Helioseismology Antia by sanmelody

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									J. Astrophys. Astr. (2005) 26, 161–169




Helioseismology

H. M. Antia
Tata Institute of Fundamental Research, Homi Bhabha Road, Mumbai 400 005, India.
e-mail: antia@tifr.res.in



      Abstract.      The sun being the nearest star, seismic observations with
      high spatial resolution are possible, thus providing accurate measurement
      of frequencies of about half million modes of solar oscillations covering
      a wide range of degree. With these data helioseismology has enabled us
      to study the solar interior in sufficient detail to infer the large-scale struc-
      ture and rotation of the solar interior. With the availability of high quality
      helioseismic data over a good fraction of a solar cycle it is also possible to
      study temporal variations in solar structure and dynamics. Some of these
      problems and recent results will be discussed.

      Key words.     Sun: oscillations—sun: interior—sun: rotation.

                                     1. Introduction
The study of solar oscillations during the last three decades has provided a tool to study
the solar interior in the same way as the study of seismic waves travelling through the
earth have enabled the study of the earth’s interior. The study of solar interior using
oscillations has been referred to as helioseismology (Deubner & Gough 1984; Gough
& Toomre 1991). Solar oscillations were discovered by Leighton et al. (1962) when
they measured velocity at a point on the solar disk using the resulting Doppler shift.
They found an oscillatory pattern with a period of around 5 minutes and hence these
oscillations are also referred to as five-minute oscillations. The nature of these oscilla-
tions was not understood at that time and various theories were put forward to explain
them. Ulrich (1970) and Leibacher & Stein (1971) suggested that these oscillations
could be acoustic modes of oscillations of the entire sun which are trapped just below
the photosphere. Subsequent observations with spatial resolution (Deubner 1975) con-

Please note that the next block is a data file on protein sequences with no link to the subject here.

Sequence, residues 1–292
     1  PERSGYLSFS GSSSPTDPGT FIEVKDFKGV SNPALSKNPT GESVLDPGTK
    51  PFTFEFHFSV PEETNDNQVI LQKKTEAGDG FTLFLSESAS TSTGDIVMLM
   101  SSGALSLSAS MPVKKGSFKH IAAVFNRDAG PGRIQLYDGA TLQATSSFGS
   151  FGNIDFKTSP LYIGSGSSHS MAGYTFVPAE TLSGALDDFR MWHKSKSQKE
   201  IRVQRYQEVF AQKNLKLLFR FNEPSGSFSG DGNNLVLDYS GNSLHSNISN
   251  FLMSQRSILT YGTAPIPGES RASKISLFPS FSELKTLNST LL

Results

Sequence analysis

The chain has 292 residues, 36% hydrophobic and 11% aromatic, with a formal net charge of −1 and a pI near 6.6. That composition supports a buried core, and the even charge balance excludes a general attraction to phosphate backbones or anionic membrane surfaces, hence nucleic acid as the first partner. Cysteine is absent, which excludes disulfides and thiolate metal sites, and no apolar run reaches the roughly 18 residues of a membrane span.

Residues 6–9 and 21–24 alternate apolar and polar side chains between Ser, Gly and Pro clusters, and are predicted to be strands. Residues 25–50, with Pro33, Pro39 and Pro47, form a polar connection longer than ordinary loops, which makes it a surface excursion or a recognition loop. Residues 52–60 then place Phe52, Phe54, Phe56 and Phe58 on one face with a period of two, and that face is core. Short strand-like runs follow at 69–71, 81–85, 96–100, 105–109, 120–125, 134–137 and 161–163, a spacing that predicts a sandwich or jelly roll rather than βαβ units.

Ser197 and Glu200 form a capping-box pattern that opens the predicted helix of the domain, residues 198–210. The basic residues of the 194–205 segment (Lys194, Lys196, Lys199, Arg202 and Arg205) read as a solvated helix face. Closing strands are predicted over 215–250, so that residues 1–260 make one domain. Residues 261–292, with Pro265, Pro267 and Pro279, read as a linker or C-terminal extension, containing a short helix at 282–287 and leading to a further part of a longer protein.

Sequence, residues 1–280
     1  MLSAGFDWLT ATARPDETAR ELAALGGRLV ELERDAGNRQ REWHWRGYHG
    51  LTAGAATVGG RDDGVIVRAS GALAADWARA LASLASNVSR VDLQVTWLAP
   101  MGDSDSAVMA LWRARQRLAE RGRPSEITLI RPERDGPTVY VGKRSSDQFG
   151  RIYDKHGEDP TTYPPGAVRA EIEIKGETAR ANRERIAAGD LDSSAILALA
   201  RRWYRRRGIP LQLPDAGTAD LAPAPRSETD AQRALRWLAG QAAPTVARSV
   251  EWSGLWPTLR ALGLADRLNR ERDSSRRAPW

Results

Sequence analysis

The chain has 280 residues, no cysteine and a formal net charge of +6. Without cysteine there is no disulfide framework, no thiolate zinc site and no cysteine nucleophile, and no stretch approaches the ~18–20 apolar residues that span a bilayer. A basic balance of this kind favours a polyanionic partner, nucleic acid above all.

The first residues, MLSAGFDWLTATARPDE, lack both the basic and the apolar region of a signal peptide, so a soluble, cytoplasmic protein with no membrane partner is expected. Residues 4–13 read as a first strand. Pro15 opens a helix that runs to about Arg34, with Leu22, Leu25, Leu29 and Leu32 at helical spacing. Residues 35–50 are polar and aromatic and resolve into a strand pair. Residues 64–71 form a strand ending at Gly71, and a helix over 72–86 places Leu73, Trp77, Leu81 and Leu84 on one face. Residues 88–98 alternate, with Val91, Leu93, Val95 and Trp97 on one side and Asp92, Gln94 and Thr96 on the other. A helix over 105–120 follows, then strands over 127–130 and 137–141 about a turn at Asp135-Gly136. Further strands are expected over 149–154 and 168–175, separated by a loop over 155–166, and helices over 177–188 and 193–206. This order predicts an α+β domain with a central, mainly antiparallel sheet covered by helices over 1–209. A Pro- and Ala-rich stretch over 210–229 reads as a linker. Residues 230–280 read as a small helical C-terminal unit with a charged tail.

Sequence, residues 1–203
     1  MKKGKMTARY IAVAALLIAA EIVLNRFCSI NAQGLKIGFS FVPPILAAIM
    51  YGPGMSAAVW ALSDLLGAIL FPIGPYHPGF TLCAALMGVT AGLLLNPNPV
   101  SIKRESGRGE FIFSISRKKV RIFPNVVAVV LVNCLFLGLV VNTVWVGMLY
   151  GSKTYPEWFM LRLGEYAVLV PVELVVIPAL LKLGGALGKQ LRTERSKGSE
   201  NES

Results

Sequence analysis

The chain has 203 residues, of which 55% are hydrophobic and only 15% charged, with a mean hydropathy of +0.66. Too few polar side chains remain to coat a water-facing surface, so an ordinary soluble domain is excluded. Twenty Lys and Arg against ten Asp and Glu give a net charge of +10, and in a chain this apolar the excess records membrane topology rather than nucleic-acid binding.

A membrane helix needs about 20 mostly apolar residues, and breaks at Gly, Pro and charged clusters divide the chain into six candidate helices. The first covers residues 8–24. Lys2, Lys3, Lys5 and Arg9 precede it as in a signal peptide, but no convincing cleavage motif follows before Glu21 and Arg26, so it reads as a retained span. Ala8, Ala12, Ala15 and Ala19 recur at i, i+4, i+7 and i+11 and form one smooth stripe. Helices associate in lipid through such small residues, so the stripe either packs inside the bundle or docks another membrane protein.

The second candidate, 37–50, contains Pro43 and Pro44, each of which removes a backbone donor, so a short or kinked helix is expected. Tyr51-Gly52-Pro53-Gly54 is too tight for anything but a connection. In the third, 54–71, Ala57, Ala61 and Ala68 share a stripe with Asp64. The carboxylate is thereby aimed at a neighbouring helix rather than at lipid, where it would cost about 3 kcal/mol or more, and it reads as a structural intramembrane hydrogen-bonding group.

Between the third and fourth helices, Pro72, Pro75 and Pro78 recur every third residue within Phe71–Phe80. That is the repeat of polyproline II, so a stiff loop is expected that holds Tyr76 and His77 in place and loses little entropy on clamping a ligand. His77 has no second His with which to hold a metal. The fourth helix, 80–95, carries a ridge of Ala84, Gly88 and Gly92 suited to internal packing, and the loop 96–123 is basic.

firmed this hypothesis as the power was found to be concentrated in a series of ridges in
the k–ω diagram, where k is the spatial wavenumber and ω the temporal frequency of
oscillations, in accordance with prediction from theoretical models. Once the nature of
the modes was identified, it was realised that their properties are determined by the
internal structure and dynamics of the sun. Hence, one can study the internal structure
of the sun using these oscillations. It is now known that the observed oscillatory pat-
tern on the solar surface arises from superposition of millions of independent modes
of solar oscillations. Each of these modes provides an independent constraint on solar
structure and dynamics.
   Historically, stellar pulsation was first discovered on other stars where the amplitude
of oscillations is much larger. Mira (o Ceti) is probably the first star which was estab-
lished to be variable by Fabricius in 1596 and its oscillatory period was determined by

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162                                      H. M. Antia
Holwarda in 1638, more than three hundred years before solar oscillations were dis-
covered. While the luminosity in the visual band for this star varies by about an order
of magnitude due to oscillations, for the sun the amplitude of oscillation of individ-
ual modes is of the order of the 10−6 of the solar luminosity. That is the main reason
why solar oscillations were discovered only recently when appropriate technology to
detect such low amplitude oscillations became available. Because of its proximity, the
sun is the only star for which the disk can be easily resolved and hence it is possible
to study a large number of modes, which may not be feasible for other stars.
   The modes of solar oscillations can be characterized by 3 quantum numbers, the
radial order n, the degree l and azimuthal order m. The radial order, n, is determined by
the number of nodes along the radial direction, while l and m determine the horizontal
structure of the eigenfunction which is defined by the spherical harmonic Ylm (θ, φ)
where θ is the colatitude and φ the longitude. Oscillations with l 3500 have been
detected on the sun. Early observations of solar oscillations had limited spatial and
temporal resolution. It was soon recognised that in order to obtain high temporal
resolution, one needs almost continuous observations covering long periods. This
has been possible using a network of ground based observatories, e.g., the Global
Oscillation Network Group (GONG) (Harvey et al. 1996) or from a suitably located